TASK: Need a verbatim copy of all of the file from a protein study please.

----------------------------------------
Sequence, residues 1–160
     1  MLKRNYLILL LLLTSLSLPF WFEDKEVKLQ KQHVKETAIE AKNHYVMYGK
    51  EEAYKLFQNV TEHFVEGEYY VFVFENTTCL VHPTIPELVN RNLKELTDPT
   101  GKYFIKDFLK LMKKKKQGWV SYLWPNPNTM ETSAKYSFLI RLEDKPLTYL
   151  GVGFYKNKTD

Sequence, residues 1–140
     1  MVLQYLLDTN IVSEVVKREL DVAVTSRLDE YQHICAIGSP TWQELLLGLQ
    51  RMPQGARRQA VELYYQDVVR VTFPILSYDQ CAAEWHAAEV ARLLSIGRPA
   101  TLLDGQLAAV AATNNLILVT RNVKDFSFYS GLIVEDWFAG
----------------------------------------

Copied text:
Sequence, residues 1–160
     1  MLKRNYLILL LLLTSLSLPF WFEDKEVKLQ KQHVKETAIE AKNHYVMYGK
    51  EEAYKLFQNV TEHFVEGEYY VFVFENTTCL VHPTIPELVN RNLKELTDPT
   101  GKYFIKDFLK LMKKKKQGWV SYLWPNPNTM ETSAKYSFLI RLEDKPLTYL
   151  GVGFYKNKTD

Sequence, residues 1–140
     1  MVLQYLLDTN IVSEVVKREL DVAVTSRLDE YQHICAIGSP TWQELLLGLQ
    51  RMPQGARRQA VELYYQDVVR VTFPILSYDQ CAAEWHAAEV ARLLSIGRPA
   101  TLLDGQLAAV AATNNLILVT RNVKDFSFYS GLIVEDWFAG